Friday, March 16, 2012

The Ides of Tabs

So much media goodness lately.

Sara Robinson at Salon on why the 40-hour work week is more than a nicety: it's the most productive amount of time for people to work. Adding hours doesn't result in correlated amounts of output. How did the change to working more happen? She answers that, too.

The Same Rowdy Crowd's Joe Loveland reframes Minnesota's upcoming Constitutional amendments. Requiring a supermajority to raise taxes, becoming a "right to work" state, requiring voters to show photo ID, defining marriage as between one man and one woman -- there's a succinct way to rephrase each of those to expose their pitfalls.

As Maggie Koerth-Baker said on Boing Boing, it's only a hypothesis, and it's just beginning to be tested... but there's a possibility the obesity epidemic is caused by air pollution and increased amounts of carbon dioxide. Wow. I look forward to hearing results on that one!

I have to remember this: The short-term thinking often associated with being poor (and therefore making bad long-term decisions) is a result of being poor and under stress, rather than the other way around. In one experiment, for instance, when economically privileged subjects were put into a stressful situation, it took about 10 minutes for them to start making really bad decisions.

Barbara Ehrenreich is coordinating a new effort to pay unemployed or underemployed journalists in an Economic Hardship Reporting Project. They'll be investigating all of the ways the "greased chute" of poverty operates, exactly opposite of the ladder we're all taught to believe exists in America. Ehrenreich gives her perspective on the past few decades of writing and policy about poverty here. She makes clear the need for the Project:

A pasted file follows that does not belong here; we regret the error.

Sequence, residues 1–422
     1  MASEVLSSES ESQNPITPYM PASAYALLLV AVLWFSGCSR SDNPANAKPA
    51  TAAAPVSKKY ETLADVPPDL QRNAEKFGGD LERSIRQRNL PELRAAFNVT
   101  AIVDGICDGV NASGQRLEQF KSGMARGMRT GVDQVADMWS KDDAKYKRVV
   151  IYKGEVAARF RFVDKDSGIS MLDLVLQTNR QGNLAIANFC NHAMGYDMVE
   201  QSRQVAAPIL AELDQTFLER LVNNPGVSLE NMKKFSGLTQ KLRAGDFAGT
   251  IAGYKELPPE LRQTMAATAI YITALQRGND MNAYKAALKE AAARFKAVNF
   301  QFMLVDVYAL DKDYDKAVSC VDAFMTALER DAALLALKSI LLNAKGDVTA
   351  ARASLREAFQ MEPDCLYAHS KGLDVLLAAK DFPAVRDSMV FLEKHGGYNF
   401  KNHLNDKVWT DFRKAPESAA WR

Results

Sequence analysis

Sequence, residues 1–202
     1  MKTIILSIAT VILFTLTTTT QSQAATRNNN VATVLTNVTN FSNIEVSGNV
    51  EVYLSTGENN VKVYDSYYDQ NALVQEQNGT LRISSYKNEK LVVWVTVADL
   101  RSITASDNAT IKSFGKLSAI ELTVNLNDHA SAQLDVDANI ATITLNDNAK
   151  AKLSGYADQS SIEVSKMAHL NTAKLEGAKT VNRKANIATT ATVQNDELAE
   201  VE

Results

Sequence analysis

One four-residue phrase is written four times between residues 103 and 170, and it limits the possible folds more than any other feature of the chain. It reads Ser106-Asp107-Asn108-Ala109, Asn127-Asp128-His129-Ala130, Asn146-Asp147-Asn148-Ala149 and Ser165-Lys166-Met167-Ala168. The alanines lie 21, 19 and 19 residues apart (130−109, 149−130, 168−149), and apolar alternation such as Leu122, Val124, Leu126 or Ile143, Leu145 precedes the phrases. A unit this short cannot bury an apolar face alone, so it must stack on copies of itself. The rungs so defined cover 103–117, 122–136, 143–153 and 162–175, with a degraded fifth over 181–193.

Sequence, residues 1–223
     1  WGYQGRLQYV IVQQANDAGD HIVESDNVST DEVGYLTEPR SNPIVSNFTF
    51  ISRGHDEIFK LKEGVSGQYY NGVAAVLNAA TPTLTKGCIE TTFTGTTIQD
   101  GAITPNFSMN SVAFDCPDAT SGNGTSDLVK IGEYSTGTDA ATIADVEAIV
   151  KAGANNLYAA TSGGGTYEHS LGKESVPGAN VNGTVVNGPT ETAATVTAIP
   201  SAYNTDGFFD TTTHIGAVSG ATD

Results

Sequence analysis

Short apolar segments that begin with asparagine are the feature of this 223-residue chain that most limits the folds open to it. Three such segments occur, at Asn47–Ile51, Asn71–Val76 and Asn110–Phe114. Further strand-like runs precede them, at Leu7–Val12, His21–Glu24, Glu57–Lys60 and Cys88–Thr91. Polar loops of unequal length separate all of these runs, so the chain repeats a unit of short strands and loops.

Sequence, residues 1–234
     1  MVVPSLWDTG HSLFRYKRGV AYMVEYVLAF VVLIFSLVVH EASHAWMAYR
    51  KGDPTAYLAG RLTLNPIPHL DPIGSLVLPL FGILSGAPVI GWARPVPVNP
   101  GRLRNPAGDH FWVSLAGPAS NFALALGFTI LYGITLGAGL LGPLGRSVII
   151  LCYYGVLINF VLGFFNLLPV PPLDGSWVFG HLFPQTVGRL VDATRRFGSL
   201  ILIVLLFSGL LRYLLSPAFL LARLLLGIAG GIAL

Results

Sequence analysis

...a new discovery of poverty is long overdue. This time, we’ll have to take account not only of stereotypical Skid Row residents and Appalachians, but of foreclosed-upon suburbanites, laid-off tech workers, and America’s ever-growing army of the “working poor.” And if we look closely enough, we’ll have to conclude that poverty is not, after all, a cultural aberration or a character flaw. Poverty is a shortage of money.
This five-minute TED Talk uses humor to dynamite entertainment industry claims about financial losses from piracy.

Gar Alperovitz has a three-part series in Yes! magazine. (I know I should subscribe to Yes!, but the one time I read an issue back-to-back, I got so depressed I was afraid to look at another one.) But knowing that Alperovitz is all about solutions (even though he describes problems), it's safe to read these.
Oh, and hey -- did you hear that the pink slime beef byproducts that are rinsed with ammonia has a trademarked name? I kid you not. It's even capitalized: Lean Finely Textured Beef.

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